Daniel R. Strongin
Department of Chemistry
Temple University

Philadelphia, PA 19122
Office: (215)204-7119
Fax: (215)204-1532
email: dstrongi@temple.edu


Research Interests
    Surface chemistry and structure of geochemical materials
Bioengineering routes to the production of metal and metal oxide nanoparticles for homogeneous and heterogeneous catalysis
    Environmental Molecular Science Institute, NSF

    Course information
    Chemistry help page

Strongin - CV
EPA presentation

    Three research projects, briefly outlined below, are underway in my laboratory at Temple University. All the projects are carried out with modern surface science techniques that include x-ray and ultraviolet spectroscopies, ion scattering, secondary ion mass spectrometry, and near-edge x-ray absorption fine structure. The latter technique is carried out at the National Synchrotron Light Source (NSLS) facility at nearby Brookhaven National Laboratory (BNL).

1.  Surface chemistry and structure of geochemical materials
    We have just initiated a research program to investigate the surface chemistry of minerals. At the present time we are elucidating the surface reactivity of pyrite (i.e., FeS2).  A well-ordered naturally occurring surface of this material is prepared in the ultra-high vacuum environment by a novel preparation technique developed in our laboratory [S. Chaturvedi, R. Katz, J. Guevremont, M.A.A. Schoonen and D.R. Strongin, American Mineralogist 81, 261 (1996)], allowing us to investigate the same surface that appears in the natural environment.  Quite simply, this procedure allows us to obtain reproducible surfaces for experimental study.  A goal of this research is to determine the reactivity of these surfaces for environmentally relevant molecules.  At the moment studies in our laboratory are concentrated on the elucidation of the chemistry of water and small halogenated organic molecules on pyrite using a combined UHV/high pressure cell.   These investigations will allow us to develop a fundamental understanding of the chemical reactions that are (and can) be driven in the environment by these ubiquitous materials.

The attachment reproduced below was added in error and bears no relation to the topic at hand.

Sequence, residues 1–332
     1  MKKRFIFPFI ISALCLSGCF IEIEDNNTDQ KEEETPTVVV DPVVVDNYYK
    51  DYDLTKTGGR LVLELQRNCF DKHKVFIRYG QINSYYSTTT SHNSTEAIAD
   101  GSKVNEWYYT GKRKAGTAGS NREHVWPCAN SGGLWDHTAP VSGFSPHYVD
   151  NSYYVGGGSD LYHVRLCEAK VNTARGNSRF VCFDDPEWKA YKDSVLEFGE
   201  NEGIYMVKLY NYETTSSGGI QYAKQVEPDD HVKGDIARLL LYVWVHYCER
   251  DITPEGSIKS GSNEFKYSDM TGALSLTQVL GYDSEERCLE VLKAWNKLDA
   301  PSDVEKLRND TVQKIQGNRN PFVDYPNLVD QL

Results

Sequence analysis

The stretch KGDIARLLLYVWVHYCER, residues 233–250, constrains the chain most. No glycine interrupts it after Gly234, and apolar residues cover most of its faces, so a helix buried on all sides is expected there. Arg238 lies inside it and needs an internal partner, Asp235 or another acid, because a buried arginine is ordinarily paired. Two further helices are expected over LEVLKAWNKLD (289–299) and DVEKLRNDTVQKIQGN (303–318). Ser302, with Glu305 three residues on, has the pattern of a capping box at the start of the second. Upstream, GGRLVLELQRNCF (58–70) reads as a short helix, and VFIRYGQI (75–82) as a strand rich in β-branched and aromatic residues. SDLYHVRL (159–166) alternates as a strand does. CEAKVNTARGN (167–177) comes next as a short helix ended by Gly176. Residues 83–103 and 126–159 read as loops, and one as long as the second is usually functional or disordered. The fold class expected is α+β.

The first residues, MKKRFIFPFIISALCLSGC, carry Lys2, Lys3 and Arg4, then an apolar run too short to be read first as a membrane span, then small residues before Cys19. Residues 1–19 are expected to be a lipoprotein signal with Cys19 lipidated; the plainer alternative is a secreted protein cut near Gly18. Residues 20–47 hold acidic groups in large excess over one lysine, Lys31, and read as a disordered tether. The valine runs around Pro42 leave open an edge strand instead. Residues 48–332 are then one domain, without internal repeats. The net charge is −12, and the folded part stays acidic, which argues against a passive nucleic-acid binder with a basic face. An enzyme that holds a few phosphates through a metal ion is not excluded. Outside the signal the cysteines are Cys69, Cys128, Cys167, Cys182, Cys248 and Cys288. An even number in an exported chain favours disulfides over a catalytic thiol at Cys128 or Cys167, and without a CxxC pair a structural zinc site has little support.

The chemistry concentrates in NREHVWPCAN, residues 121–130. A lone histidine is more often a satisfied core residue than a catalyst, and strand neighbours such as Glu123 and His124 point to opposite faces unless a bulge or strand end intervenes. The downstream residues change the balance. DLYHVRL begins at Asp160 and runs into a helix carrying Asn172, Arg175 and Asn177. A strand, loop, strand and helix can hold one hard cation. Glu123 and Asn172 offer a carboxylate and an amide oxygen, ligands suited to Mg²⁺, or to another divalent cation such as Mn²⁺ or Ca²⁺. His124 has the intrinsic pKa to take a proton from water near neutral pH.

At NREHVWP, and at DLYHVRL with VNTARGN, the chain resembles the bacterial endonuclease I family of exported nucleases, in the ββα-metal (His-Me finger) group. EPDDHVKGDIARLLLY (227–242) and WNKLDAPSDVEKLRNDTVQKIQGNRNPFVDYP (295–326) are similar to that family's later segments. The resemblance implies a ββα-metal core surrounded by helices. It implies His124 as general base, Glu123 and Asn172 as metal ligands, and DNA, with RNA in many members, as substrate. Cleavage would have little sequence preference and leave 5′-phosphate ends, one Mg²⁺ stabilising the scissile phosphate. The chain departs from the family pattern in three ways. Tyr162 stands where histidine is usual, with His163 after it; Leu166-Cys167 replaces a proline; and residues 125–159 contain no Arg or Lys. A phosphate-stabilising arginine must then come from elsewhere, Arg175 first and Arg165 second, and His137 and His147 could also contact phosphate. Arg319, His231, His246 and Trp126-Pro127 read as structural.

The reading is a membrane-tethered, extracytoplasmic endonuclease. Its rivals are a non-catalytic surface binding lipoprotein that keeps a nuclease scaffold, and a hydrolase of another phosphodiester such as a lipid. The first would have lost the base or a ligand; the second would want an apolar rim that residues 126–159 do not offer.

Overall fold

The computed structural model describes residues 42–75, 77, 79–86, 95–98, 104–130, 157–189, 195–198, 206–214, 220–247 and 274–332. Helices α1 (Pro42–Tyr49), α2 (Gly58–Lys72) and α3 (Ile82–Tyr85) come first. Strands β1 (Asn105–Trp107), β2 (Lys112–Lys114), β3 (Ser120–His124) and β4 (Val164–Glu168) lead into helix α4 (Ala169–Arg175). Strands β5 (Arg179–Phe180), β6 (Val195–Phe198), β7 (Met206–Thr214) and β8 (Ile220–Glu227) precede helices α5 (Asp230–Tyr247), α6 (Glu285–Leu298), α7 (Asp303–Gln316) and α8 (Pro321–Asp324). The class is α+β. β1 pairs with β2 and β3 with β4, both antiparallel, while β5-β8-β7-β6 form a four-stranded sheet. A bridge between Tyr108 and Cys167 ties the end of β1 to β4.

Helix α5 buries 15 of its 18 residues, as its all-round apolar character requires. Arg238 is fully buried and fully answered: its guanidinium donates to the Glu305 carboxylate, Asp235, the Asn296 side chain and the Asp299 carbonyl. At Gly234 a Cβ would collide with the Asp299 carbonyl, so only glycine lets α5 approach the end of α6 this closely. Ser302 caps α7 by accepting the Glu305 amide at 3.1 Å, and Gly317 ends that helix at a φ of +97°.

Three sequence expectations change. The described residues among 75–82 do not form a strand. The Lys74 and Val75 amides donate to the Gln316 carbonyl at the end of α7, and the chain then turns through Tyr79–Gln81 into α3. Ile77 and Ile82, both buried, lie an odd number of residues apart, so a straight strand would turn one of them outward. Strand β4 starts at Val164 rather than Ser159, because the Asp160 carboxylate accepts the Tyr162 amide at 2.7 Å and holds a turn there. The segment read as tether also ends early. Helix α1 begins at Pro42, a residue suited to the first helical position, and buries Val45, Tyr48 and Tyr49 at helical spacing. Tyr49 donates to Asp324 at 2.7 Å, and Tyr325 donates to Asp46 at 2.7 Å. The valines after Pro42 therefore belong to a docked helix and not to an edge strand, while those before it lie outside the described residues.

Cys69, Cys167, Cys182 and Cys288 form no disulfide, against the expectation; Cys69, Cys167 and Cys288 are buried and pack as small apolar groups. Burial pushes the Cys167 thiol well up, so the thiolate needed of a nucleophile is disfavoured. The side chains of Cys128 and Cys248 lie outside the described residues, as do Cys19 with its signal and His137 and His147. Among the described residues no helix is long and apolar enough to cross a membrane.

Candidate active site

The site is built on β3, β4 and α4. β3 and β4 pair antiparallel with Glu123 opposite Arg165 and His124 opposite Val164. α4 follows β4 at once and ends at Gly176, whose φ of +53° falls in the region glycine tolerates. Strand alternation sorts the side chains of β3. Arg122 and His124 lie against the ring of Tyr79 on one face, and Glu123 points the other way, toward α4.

Recently, photoemission of adsorbed xenon (PAX) has been for the first time applied to elucidate the effect of short-range order on the surface reactivity of pyrite.  Application of this technique has suggested that the reaction of adsorbates, such as H2O and H2S, occur at sulfur anion vacancy sites.  These sites allow the dissoication of the molecule and the subsequent diffusion of the reaction products to the stoichiometric surface.  With regard to H2S, these results have implications for pyrite growth from the reaction H2S and FeS.

2) Bioengineering routes to the production of metal and metal oxide nanoparticles for homogeneous and heterogeneous catalysis (Funding: U.S. EPA and Petroleum Research Fund-AC)